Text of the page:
viceroy scalable emulation of butterfly networks for distributed hash tables
Download
Skip this Video
Download Presentation
Viceroy: Scalable Emulation of Butterfly Networks For Distributed Hash Tables

Loading in 2 Seconds...

play fullscreen
1 / 37

Viceroy: Scalable Emulation of Butterfly Networks For Distributed Hash Tables - PowerPoint PPT Presentation


  • 52 Views
  • Uploaded on

Viceroy: Scalable Emulation of Butterfly Networks For Distributed Hash Tables. By: Dahlia Malkhi, Moni Naor & David Ratajzcak Nov. 11, 2003 Presented by Zhenlei Jia Nov. 11, 2004. Acknowledgments. Some of the following slides are adapted from the slides created by the authors of the paper.

loader
I am the owner, or an agent authorized to act on behalf of the owner, of the copyrighted work described.
capcha
Download Presentation

PowerPoint Slideshow about ' Viceroy: Scalable Emulation of Butterfly Networks For Distributed Hash Tables' - garrett-burgess


An Image/Link below is provided (as is) to download presentation

Download Policy: Content on the Website is provided to you AS IS for your information and personal use and may not be sold / licensed / shared on other websites without getting consent from its author.While downloading, if for some reason you are not able to download a presentation, the publisher may have deleted the file from their server.


- - - - - - - - - - - - - - - - - - - - - - - - - - E N D - - - - - - - - - - - - - - - - - - - - - - - - - -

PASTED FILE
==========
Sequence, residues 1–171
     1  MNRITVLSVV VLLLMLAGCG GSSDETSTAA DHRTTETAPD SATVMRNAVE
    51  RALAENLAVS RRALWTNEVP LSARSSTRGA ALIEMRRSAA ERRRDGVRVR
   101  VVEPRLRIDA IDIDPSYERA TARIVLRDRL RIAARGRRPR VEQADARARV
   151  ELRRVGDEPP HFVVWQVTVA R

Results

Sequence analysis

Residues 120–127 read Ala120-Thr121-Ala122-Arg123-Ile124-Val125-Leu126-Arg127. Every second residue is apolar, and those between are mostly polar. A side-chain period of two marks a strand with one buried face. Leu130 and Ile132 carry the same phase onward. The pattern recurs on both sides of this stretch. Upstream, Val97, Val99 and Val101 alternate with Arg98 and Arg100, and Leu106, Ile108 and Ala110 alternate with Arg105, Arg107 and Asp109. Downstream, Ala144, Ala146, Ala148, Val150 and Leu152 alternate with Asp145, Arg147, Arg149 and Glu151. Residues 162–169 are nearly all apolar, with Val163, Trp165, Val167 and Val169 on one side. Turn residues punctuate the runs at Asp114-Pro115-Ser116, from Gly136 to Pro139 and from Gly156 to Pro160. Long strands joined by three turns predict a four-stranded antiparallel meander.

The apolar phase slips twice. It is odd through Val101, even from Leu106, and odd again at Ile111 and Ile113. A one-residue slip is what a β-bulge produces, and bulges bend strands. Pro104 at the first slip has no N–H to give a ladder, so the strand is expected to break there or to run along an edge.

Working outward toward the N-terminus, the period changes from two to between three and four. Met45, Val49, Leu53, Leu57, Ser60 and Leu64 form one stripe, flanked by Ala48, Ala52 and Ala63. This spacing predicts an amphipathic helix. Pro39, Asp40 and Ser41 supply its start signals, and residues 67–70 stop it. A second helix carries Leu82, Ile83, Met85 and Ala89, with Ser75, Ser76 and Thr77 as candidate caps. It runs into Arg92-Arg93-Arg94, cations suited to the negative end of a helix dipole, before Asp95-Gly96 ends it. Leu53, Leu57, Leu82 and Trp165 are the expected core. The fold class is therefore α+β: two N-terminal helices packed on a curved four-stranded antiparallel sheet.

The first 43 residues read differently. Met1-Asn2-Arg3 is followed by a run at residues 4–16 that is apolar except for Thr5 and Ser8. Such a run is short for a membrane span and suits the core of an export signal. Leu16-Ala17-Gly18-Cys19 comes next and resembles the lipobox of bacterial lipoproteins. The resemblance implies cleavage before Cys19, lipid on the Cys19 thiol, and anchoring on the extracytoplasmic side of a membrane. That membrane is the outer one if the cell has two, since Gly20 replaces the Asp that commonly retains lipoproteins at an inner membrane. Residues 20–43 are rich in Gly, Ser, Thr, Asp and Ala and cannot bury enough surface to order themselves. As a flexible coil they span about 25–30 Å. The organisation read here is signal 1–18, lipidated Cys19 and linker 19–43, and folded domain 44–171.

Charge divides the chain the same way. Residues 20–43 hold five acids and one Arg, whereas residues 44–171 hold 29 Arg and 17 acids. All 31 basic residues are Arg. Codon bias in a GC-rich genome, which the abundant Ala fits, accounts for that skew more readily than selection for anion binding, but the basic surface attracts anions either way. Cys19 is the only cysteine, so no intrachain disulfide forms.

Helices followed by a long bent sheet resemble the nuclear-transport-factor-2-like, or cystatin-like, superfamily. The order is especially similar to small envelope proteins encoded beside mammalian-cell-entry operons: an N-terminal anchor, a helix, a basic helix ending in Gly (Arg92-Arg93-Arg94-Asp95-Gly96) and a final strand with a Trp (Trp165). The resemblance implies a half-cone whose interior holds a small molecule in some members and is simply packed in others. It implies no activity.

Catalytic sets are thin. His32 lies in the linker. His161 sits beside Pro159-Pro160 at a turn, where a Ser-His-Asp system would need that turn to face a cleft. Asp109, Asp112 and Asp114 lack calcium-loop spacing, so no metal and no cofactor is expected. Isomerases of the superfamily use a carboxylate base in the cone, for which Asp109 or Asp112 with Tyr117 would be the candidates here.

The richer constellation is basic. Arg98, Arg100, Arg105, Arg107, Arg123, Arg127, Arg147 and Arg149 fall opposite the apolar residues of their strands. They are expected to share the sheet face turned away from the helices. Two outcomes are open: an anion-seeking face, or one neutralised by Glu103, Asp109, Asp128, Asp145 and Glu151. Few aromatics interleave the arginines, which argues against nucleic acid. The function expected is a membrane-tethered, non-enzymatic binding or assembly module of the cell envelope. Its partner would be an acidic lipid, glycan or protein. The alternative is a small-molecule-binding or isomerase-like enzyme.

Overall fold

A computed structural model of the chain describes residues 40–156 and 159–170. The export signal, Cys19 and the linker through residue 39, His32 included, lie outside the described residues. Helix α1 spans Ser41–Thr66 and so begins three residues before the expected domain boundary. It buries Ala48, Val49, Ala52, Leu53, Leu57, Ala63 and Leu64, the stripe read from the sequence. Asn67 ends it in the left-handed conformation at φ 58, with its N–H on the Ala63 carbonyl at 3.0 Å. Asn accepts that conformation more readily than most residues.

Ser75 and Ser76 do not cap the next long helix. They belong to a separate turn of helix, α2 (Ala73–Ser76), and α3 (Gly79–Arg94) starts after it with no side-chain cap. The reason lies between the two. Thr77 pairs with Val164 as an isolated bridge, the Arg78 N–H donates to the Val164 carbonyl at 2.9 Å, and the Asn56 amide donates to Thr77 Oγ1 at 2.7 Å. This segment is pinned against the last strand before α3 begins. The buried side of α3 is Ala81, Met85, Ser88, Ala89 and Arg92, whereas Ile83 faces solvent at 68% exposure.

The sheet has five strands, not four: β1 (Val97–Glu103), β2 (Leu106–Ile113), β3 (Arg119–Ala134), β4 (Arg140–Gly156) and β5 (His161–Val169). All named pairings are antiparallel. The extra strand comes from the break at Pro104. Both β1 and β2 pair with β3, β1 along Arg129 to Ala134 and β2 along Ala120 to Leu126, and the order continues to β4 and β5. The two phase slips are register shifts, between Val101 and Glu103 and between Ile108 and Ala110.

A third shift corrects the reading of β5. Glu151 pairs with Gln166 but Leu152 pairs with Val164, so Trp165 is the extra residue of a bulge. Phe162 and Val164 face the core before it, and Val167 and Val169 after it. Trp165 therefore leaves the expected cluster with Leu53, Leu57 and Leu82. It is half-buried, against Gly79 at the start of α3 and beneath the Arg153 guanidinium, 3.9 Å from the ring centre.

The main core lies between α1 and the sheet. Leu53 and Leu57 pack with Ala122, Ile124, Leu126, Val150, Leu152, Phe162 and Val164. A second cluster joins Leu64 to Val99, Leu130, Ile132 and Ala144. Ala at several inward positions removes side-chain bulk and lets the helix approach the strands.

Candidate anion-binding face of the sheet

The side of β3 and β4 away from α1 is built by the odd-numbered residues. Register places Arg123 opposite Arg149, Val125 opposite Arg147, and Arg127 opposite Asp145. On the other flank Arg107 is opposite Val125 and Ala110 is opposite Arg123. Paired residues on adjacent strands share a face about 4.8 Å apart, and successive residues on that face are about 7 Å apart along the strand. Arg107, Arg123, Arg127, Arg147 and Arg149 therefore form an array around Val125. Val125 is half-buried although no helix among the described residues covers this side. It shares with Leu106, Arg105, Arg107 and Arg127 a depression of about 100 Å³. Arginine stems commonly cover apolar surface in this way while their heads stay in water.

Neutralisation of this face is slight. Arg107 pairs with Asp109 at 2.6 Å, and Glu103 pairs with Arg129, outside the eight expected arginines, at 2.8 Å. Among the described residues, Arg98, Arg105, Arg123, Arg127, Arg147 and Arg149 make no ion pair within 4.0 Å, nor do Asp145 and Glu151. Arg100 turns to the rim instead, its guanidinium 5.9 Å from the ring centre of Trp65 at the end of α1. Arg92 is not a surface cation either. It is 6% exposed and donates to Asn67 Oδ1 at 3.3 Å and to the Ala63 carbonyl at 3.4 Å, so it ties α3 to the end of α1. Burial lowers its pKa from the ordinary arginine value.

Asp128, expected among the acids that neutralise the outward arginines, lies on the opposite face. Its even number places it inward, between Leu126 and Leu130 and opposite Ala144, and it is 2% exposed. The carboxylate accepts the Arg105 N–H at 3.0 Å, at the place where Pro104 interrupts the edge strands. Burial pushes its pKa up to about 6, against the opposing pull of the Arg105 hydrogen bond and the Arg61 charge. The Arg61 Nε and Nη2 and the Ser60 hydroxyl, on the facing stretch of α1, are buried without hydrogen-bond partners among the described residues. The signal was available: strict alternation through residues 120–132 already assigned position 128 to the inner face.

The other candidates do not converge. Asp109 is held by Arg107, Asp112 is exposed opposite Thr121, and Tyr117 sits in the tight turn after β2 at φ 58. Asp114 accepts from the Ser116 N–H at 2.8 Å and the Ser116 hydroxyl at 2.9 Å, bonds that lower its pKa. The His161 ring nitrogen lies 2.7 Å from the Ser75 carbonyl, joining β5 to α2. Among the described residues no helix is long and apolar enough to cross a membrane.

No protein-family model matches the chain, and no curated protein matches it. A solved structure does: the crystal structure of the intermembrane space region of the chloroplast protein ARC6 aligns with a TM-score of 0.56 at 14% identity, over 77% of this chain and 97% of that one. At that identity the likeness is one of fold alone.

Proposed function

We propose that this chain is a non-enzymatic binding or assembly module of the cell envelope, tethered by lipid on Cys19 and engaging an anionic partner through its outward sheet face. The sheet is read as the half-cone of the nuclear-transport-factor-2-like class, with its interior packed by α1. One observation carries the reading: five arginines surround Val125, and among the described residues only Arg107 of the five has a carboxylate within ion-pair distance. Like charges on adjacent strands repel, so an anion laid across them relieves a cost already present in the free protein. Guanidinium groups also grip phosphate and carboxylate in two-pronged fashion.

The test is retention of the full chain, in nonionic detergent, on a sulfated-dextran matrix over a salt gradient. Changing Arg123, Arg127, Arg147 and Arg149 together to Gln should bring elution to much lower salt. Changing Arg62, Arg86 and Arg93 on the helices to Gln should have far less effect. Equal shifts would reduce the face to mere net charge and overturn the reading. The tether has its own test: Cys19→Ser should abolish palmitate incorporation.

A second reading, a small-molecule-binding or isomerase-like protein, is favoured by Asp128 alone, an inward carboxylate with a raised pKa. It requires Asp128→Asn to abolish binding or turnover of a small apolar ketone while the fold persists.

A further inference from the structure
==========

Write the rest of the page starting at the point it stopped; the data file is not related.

Presentation Transcript
viceroy scalable emulation of butterfly networks for distributed hash tables

Viceroy: Scalable Emulation of Butterfly Networks For Distributed Hash Tables

By: Dahlia Malkhi, Moni Naor & David Ratajzcak

Nov. 11, 2003

Presented by Zhenlei Jia

Nov. 11, 2004

acknowledgments
Acknowledgments

Some of the following slides are adapted from the slides created by the authors of the paper

outline
Outline
  • Outline
  • DHT Properties
  • Viceroy
    • Structure
    • Routing Algorithm
    • Join/Leave
    • Bounding In-degree: Bucket Solution
    • Fault Tolerance
  • Summary
slide4
DHT
  • What’s DHT
    • Store (key, value) pairs
    • Lookup
    • Join/Leave
  • Examples
    • CAN, Pastry, Tapestry, Chord etc.
dht properties
DHT Properties
  • Dilation
    • Efficient lookup, usually O(log(n))
  • Maintenance cost
    • Support dynamic environment
    • Control messages, affected servers
  • Degree
    • Number of opened connections
    • Servers impacted by node join/leave
    • Heartbeat, graceful leave
dht properties cont
DHT Properties (cont.)
  • Congestion:
    • Peers should share the routing load evenly
    • Load (of a node): the probability that it is on a route with random source and destination.
    • If path length = O(log(n)) then on average, each node is on n2 x O(log(n))/n = O(nlog(n)) routes. Average load = O(nlogn)/n2 = O(log(n))/n
intuition
Intuition
  • Route is a combination of links of appropriate size
  • Chord: Each node has ALL log(n) links
  • Viceroy
    • Each node has ONE of the long-range links
    • A link of length 1/2k points to a node has link of length 1/2k+1

Chrod

a butterfly network

011

110

000

001

010

100

101

111

Level 1

Level 2

Level 3

Level 4

A Butterfly Network